First of all, this is an excellent keyboard! With regard to typing, it is everything that I hoped it would be. In fact, since the keyboard is the same size as my laptop, I don’t even notice that there is any difference in typing between the two. (This review was typed on the Targus Keyboard, and then I beamed it to Julie.)
When I first studied the Palm V version keyboard, I thought that although it was an engineering marvel, it should have had a stiffener to lock in the center of the keyboard. (The sides lock into place, but the center hinge doesn’t). But since I have been using it now for 3 weeks exclusively to type memos, I have noticed that there have been few instances where I would need to have the center hinge locked into place. I rarely use it when it’s not on a flat surface, and when I use it on a couch or in bed, it still sits flat enough to not cause any problems.
One of the features that found very useful was the 4 application buttons on the far right of the keyboard. The good news is that all you have to do is push the button and it will pop up the Date Book or Memo application. The bad news is that it pops up whatever application that you have “assigned” to the 4 application buttons on the front of the Visor. But this, for me, is a good thing. I rarely use the “To Do” list, so I have my Bible program tied to the “To Do” button on the Visor. Now, when I want to open the Bible program, all I have to do is hit the “To Do” button on the keyboard.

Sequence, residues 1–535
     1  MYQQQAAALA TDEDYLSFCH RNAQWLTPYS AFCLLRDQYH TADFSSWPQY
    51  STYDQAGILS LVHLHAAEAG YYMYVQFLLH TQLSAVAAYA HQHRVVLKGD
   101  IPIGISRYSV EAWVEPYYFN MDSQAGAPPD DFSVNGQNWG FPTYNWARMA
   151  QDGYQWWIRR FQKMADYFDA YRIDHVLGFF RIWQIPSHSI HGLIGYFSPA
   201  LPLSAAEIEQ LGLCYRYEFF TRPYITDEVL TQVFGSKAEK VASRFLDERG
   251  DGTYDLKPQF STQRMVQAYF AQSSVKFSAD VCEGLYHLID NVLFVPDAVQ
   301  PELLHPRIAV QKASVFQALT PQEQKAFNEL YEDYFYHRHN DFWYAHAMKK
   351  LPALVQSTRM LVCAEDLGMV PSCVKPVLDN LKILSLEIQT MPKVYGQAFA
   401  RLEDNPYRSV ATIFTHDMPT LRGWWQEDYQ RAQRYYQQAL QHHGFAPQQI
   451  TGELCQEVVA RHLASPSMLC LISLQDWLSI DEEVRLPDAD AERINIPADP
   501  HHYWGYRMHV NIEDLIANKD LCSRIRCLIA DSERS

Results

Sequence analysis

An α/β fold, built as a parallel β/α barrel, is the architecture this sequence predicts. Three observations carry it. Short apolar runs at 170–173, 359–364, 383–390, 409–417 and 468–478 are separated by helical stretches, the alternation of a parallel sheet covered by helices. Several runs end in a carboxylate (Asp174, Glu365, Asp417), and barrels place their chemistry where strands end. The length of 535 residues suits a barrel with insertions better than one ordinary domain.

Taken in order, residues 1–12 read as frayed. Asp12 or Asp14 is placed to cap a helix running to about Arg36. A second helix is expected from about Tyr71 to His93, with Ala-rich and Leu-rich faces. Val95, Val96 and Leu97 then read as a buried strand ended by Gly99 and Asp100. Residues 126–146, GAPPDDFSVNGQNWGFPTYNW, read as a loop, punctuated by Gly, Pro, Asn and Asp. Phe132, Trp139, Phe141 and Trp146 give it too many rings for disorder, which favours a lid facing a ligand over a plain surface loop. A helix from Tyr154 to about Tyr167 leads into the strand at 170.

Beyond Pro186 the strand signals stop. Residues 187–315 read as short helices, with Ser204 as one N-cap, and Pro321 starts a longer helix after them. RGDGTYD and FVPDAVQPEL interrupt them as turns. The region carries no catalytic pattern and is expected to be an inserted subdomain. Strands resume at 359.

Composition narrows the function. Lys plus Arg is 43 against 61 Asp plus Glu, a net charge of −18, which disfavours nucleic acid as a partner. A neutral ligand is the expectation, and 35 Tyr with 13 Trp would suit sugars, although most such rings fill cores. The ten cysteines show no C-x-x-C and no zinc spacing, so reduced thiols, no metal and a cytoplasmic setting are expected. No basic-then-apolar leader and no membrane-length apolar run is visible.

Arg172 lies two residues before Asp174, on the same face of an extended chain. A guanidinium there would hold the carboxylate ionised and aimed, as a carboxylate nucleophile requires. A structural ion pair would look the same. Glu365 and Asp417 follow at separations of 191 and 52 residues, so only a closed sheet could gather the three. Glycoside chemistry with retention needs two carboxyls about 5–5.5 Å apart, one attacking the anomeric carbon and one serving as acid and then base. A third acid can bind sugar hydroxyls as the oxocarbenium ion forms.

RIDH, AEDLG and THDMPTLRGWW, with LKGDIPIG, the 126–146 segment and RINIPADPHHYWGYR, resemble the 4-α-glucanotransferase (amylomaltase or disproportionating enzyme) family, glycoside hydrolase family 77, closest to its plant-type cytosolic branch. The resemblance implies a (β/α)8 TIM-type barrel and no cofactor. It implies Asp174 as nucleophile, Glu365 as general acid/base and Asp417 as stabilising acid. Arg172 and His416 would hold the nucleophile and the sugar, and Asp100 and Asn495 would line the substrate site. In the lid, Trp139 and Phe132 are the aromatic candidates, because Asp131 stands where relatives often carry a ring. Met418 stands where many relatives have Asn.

The scroll buttons, and all of the Function buttons, work fine on my keyboard. The typical cut, copy, and paste keys all work too. (Ctrl-x, ctrl-c, ctrl-v)
One advantage to using this keyboard with your Visor is that you can also use a Springboard slot modem at the same time.
The only negative thing that I have found at all with this keyboard is that sometimes, when I connect the Visor to the keyboard’s connector, the Visor doesn’t recognize the keyboard. The solution is to navigate with the stylus to the keyboard app and go in and then go back out. I have noticed this problem more when I first got the keyboard, and the connector was not broken in. In order to get the Visor on the connector, I had to insert it on an angle. For some reason, inserting it on an angle caused this problem every time. I seemed that the keyboard was expecting to hit all of the pins at the same time. After a while, the connector got more broken in and I can now insert the Visor straight onto the connector and the Visor recognizes the keyboard right away.
It’s a great keyboard, and if you have a Visor and need to type out things like memos or email on the Visor, you need to have one. Now what I really need is a spell-checker on the Visor 🙂
Ability to use Springboard modules and keyboard at the same time
Occasionally doesn’t recognize the keyboard